We’ll find life outside the Solar System in 25 years, says astrophysicist

A German astrophysicist has set a deadline of 25 years for us to find life outside the Solar System. Although ambitious, he believes it is not an unrealistic plan.

“There is no guarantee of success. But we will learn other things along the way,” said Sascha Quanz, a researcher at the Swiss Federal Institute of Technology, the ETH Zurich,

Quanz made this and other observations during the recent opening event of the new Center for the Origin and Prevalence of Life at the University of Zurich on 2 September.

He detailed ongoing projects that could help us finally answer one of humanity’s great questions: Are we or are we not alone in the universe?

Astronomers estimate that each of the more than 100 billion stars in the Milky Way has at least one planet in its orbit — that is, there are a huge number of exoplanets (very distant, once in the Solar System). There are more than 5,000 already known, and new ones are discovered daily in observations from telescopes on the ground and in space, such as the James Webb.

Quanz believes that many of these worlds could be just like Earth, positioned at a suitable distance from their host stars (their sun), allowing for ideal temperatures and other conditions for life, such as the presence of water. However, one also needs to understand if there are atmospheres on these “terrestrial” planets and what they are made of.

James Space Telescope webb

Earlier this month, the new telescope’s first direct image of an exoplanet orbiting a distant star was released. the gas giant HIP 65426 b is 12 times the mass of Jupiter (the largest in the Solar System) and orbits its star at 100 distances Sun-Earth.

HIP 65426 b james webb - Nasa/ESA/CSA, A. Carter (UCSC) - Nasa/ESA/CSA, A. Carter (UCSC)

Exoplanet HIP 65426 b, 355 light-years from Earth, recorded by different instruments of the James Webb telescope

Image: NASA/ESA/CSA, A. Carter (UCSC)

But the James Webb was not built with a focus on studying exoplanets. Its main function is to search for the oldest stars and galaxies in the universe. However, it has allowed several advances in the research of planets outside the Solar System, among them, the detection of carbon dioxide and water in their atmospheres.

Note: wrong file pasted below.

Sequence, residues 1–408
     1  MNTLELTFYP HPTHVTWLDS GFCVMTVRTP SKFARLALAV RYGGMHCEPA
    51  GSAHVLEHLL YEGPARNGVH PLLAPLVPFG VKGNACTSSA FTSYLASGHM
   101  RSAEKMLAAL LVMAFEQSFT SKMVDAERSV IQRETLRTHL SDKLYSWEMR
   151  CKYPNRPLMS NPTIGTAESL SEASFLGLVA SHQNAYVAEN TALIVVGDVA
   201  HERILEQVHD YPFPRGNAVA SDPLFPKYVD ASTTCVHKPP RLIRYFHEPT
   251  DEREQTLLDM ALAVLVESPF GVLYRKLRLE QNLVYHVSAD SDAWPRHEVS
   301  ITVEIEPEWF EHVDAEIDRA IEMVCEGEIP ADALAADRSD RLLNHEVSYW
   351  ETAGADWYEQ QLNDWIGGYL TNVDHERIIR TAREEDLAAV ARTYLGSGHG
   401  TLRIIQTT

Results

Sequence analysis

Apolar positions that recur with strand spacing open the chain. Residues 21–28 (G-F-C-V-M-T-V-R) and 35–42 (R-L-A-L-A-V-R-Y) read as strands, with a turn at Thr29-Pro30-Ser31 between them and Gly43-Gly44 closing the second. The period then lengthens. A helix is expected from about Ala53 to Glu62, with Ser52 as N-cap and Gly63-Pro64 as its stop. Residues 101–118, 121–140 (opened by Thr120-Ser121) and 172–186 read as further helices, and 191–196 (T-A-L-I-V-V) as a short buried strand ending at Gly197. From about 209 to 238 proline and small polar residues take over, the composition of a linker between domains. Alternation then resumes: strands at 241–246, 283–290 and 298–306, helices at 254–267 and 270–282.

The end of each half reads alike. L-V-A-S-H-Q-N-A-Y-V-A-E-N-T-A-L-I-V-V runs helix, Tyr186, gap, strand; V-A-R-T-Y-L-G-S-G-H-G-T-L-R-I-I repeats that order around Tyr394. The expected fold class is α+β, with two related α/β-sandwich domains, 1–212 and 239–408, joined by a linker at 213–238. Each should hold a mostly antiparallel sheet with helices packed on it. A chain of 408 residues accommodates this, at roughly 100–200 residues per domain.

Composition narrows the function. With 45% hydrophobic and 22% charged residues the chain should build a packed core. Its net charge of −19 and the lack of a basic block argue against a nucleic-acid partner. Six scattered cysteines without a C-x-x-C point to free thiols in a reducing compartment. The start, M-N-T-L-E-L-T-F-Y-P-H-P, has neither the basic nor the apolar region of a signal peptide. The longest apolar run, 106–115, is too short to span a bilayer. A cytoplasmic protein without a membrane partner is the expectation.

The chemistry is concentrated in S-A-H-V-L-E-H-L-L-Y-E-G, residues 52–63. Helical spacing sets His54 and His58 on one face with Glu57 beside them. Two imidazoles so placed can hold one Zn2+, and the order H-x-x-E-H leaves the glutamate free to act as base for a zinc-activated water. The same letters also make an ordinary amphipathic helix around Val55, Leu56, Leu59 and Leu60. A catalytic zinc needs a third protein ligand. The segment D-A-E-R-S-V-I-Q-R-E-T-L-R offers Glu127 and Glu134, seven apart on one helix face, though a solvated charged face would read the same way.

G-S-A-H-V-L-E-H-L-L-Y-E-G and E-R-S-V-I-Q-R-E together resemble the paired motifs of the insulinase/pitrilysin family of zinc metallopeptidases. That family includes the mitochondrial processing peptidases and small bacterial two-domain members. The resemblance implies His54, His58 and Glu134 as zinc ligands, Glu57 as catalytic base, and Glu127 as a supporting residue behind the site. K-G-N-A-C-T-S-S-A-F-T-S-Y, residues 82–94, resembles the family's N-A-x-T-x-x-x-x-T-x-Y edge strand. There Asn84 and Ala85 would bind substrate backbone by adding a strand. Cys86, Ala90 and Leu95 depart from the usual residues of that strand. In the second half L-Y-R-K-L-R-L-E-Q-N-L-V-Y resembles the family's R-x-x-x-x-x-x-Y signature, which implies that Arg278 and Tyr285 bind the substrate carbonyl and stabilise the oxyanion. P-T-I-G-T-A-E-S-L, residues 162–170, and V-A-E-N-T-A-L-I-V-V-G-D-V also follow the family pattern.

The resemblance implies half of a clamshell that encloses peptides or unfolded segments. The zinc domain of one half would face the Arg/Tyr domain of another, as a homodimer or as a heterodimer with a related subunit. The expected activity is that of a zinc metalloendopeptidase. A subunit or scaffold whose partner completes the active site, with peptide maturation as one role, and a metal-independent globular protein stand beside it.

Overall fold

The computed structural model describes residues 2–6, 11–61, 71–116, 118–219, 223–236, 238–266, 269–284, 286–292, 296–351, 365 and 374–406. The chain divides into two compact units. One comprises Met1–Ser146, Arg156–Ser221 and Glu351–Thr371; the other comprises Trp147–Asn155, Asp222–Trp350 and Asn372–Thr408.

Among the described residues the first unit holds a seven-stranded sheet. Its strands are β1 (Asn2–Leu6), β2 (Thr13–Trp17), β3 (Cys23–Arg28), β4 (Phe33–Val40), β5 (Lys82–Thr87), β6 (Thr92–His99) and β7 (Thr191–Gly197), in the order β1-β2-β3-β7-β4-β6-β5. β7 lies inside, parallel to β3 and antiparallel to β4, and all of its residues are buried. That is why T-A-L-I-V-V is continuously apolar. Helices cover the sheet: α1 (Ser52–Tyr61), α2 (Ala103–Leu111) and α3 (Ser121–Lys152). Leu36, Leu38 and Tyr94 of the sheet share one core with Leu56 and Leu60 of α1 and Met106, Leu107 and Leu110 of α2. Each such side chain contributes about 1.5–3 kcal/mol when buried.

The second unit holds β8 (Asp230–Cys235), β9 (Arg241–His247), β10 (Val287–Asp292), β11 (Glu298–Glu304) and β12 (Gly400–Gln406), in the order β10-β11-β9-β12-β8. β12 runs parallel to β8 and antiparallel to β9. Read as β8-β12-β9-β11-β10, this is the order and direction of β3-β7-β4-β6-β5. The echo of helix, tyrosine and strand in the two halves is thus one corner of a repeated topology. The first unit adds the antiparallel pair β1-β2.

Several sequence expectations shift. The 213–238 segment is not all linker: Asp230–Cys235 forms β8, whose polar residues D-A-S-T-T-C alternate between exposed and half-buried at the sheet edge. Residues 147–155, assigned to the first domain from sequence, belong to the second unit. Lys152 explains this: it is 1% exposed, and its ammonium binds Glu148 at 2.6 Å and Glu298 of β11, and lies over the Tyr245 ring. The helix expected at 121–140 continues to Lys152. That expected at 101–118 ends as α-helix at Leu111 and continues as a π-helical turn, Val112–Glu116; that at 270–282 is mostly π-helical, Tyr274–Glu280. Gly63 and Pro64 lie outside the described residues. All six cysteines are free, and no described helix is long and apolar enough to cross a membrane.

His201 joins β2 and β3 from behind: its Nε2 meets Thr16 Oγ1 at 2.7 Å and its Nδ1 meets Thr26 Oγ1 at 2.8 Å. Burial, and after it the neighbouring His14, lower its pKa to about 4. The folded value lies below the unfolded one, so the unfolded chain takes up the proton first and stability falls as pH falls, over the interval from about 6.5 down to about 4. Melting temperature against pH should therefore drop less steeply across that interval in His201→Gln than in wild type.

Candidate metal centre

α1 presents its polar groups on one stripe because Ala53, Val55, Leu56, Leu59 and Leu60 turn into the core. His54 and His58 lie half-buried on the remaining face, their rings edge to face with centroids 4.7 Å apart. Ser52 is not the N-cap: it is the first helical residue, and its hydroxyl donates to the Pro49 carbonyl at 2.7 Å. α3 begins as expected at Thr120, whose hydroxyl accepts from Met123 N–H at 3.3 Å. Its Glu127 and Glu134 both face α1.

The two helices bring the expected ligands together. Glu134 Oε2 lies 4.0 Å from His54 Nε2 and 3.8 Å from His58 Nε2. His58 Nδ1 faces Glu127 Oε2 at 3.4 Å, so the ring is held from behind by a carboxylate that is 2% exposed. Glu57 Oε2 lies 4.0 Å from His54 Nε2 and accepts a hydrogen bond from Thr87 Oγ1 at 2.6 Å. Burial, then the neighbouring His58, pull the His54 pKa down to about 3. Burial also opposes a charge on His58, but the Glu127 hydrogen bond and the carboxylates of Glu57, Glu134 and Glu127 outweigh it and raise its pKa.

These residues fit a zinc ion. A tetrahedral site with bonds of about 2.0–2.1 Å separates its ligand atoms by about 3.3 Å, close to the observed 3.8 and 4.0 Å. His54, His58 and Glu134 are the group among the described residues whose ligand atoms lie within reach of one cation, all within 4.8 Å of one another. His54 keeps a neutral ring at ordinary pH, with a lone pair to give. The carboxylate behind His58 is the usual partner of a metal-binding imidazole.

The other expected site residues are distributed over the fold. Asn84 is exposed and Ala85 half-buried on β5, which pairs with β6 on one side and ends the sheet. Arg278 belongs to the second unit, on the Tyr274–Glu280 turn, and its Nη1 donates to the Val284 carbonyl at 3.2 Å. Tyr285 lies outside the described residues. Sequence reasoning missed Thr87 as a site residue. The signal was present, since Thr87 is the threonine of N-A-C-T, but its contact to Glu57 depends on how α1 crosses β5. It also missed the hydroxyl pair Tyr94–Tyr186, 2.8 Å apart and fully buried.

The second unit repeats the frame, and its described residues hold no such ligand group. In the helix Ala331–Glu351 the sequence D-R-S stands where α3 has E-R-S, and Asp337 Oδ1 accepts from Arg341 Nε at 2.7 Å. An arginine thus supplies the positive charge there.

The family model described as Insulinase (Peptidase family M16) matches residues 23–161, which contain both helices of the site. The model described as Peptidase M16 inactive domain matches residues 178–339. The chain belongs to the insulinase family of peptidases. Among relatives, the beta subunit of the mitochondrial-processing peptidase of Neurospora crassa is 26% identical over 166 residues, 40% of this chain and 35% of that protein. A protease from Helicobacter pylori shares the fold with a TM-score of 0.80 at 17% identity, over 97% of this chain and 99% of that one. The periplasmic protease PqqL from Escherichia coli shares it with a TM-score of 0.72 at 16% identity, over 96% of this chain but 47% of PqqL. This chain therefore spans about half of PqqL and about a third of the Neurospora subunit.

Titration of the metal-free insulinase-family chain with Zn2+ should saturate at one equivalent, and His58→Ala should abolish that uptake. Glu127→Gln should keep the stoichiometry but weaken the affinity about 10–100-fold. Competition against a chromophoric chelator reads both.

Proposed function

But Quanz explains that the telescope isn’t powerful enough to see the small, rocky, Earth-like planets that orbit their stars at distances where liquid water can exist — the so-called “habitable zone.”

new instruments

The astrophysicist’s team is developing a mid-infrared imager and spectrograph, METIS, which will be part of the Extremely Large Telescope (ELT or “extremely large telescope”).

“The main purpose of the instrument is to take the first picture of a potentially Earth-like terrestrial planet around one of the closest stars,” he said. quanz. Scientists also hope to investigate the composition of their atmospheres.

O ELT is being built by the European Southern Observatory (ESO) in Chile and, once completed, at the end of this decade, it will have a mirror nearly 40 meters wide, making it the largest optical telescope in the world — as its name suggests.

ELT chile - ESO/L.  Sidewalk - ESO/L.  Sidewalk

ELT (Extremely Large Telescope), under construction in Chile, will be the most powerful optical telescope in the world

Image: ESO/L. Sidewalk

But a ground-based telescope has to deal with interference from Earth’s atmosphere, which distorts chemical measurements of the atmospheres surrounding distant planets. Therefore, a space mission will be required to complete this study.

According to Quanz, the ESA (Space Agency European) is already working on it. The LIFE (Large Interferometer for Exoplanets) mission, conceived in 2017, is in its initial study phase and has not yet been officially approved or funded.

Its aim is to characterize the atmospheres of terrestrial exoplanets and look for life outside the Solar System. From space, the instrument would examine a multitude of promising distant worlds, looking for traces of molecules that might have been created by living organisms.

About Raju Singh

Raju has an exquisite taste. For him, video games are more than entertainment and he likes to discuss forms and art.

Check Also

Read Dead 2: Fan with almost 6,000 hours on Stadia wants help from Rockstar

Yesterday (29), the Google announced the shutdown of Stadia, with the service being live for …